Learn to manage the money before actually spending it
The Board of Education and Greenwich Public School administrators want to embark on a 15-year, $750 million journey that makes stops at every school. The itinerary includes a complete rebuild of Central Middle School; significant additions and re-designs for other schools, particularly elementary schools on the east side of town; and enhanced maintenance of existing facilities.
The road map for this trip is loaded into the town’s GPS, drawn by a yearlong, $500,000 consulting engagement with KG&D Architects that included community forums and conversations with school officials about how changing approaches to teaching, driven powerfully by technology and demographics, should shape the town’s educational infrastructure in the coming decades. It is a thorough and thoughtful plan. (Anyone
interested in more details should browse the school board website.)
The next step is funding, and it is a big one. Before Greenwich embarks on the largest construction project in town history, it is fair to ask if the school board and administrators have the governance and management chops to execute such an ambitious plan. Recent history suggests serious problems there.
Take the Julian Curtiss roof fiasco this summer. Without rehashing incredibly boring details, it took emergency meetings of the school board, finance board and RTM to approve additional dollars to finish installing a new roof before school started. Without the emergency funds, the building would not have been inhabitable for opening day, which would have caused unbelievable chaos for everyone involved.
There are other examples, such as putting a new glass skin on Western Middle School. It was a state-of-theart, environmentally sensitive wall and sealed for enhanced energy efficiency. Only after installation did someone’s attention turn to air conditioning. The newly installed and sealed wall was cut to allow room air conditioners. It is like repaving a road only to have a utility company come along a month later to dig trenches for new pipes.
There are other examples of poor job sequencing or changes in project orders that never percolate up to the school board for approval or comment. There is no one culprit here, just evidence that the system as it is designed and staffed now is not equipped to handle a massive, long term construction
Largely as a result of the Julian Curtiss roof drama, there are rumblings within the school board and the Board of Estimate and Taxation about an audit of so-called capital projects within the school system. Such an audit would be expected to reach a conclusion about current processes and capabilities and make recommendations that would prepare the town to move forward with the school construction plan.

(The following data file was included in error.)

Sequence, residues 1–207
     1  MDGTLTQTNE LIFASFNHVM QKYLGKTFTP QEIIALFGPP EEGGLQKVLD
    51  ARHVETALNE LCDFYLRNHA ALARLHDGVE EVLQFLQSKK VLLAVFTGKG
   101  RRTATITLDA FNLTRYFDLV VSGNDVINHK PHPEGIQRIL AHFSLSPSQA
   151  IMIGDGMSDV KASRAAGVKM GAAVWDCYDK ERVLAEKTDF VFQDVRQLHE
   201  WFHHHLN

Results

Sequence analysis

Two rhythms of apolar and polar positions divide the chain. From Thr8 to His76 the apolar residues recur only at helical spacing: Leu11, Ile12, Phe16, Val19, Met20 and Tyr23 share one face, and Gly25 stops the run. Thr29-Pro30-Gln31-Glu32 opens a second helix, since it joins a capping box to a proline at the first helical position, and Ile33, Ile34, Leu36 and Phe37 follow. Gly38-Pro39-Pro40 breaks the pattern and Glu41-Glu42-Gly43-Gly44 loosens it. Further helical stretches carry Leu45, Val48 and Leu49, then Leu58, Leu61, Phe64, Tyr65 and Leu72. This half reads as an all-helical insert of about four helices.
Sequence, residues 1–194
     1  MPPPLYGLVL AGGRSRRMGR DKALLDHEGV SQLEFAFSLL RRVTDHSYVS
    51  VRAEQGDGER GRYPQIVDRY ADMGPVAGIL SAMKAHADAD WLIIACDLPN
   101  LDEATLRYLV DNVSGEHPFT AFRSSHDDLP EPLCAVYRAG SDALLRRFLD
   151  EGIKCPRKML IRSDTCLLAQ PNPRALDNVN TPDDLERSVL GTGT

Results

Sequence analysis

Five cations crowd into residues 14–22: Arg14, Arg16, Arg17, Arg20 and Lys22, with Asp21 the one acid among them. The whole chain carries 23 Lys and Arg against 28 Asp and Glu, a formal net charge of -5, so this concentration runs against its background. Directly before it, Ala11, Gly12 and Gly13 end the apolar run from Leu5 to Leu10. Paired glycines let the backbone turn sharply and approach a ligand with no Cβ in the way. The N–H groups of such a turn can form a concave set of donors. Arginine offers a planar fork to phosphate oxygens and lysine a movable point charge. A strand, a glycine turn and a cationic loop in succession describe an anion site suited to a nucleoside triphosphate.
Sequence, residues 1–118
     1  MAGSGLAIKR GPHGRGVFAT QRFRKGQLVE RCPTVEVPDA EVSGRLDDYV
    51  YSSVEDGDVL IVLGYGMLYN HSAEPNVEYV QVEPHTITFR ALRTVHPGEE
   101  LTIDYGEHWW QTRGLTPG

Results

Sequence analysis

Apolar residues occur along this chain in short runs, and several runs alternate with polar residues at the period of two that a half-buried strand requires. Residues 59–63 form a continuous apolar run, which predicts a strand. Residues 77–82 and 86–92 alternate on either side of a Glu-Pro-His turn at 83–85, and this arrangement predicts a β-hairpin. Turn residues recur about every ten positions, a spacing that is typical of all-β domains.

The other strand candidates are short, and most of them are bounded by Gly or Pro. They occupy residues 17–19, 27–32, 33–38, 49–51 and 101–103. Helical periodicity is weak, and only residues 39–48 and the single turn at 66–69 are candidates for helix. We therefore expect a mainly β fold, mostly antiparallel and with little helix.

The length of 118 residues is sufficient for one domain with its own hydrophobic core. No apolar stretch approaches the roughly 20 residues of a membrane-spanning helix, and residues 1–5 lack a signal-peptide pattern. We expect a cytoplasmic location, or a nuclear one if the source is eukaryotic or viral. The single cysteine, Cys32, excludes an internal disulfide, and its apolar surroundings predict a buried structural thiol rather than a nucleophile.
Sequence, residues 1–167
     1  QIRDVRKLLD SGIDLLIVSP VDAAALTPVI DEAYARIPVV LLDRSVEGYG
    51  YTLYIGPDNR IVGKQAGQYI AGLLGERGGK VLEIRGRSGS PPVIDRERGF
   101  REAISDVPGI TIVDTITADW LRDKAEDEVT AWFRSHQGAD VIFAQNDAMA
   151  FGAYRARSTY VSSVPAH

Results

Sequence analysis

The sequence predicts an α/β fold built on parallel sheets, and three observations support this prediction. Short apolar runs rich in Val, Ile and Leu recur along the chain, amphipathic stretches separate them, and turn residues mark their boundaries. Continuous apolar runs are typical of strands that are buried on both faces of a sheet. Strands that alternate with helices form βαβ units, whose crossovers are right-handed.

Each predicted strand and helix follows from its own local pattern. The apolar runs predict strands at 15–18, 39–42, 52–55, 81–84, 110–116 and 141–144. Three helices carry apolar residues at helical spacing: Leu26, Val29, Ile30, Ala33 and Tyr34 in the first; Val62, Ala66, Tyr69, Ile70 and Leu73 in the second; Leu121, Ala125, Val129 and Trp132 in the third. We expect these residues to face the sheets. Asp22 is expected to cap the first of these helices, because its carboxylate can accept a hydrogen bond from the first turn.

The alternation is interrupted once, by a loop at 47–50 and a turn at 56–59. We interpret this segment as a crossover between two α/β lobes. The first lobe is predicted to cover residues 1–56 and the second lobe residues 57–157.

That does not mean the school board should scrap the 15-year plan; a long-term plan is particularly valuable when projects last longer than the increasingly brief tenure of Greenwich school superintendents. But it does mean Greenwich needs a thorough evaluation of the processes, skill sets and organization needed to efficiently manage this master plan.
Largely as a result of the Julian Curtiss roof drama, there are rumblings within the school board and the Board of Estimate and Taxation about an audit of socalled capital projects within the school system. Such an audit would be expected to reach a conclusion about current processes and capabilities and make recommendations that would prepare the town to move forward with the school construction plan.
But, as the events in Washington, D.C., showed us this week, an audit or an investigation is only as good as the client who orders it, and the project scope that client dictates. The town has a fine Audit Department, staffed by civil servants who report up through the town comptroller, another civil servant. This Audit Department uncovered serious flaws in the cash handling in both the Town Clerk’s Office and the Parking Services Department. And, it did so despite attempts at obstruction by politicians who wanted to hide the findings.
The school board should ask the town auditors to run an examination and give them a broad scope to do their jobs without any political concerns. That scope should be approved by a board vote, which is the most transparent way to achieve a bipartisan approach. It does not guarantee bipartisanship, but at least the vote will be public, and people will know what to expect if the vote is along party lines. But, my bet is that won’t happen. If an audit is conducted at all, I am assuming some past or present school board members will direct it, and that means they will steer the audit away from any potential political influence and, in all likelihood, lay all the “blame” at the feet of departed school administrators.
And the result will be a 15-year, $750 million school renovation project that becomes a political football in every election over the next 15 years or longer. And at the end, if that day ever arrives, it will fall short of delivering the next generation’s education.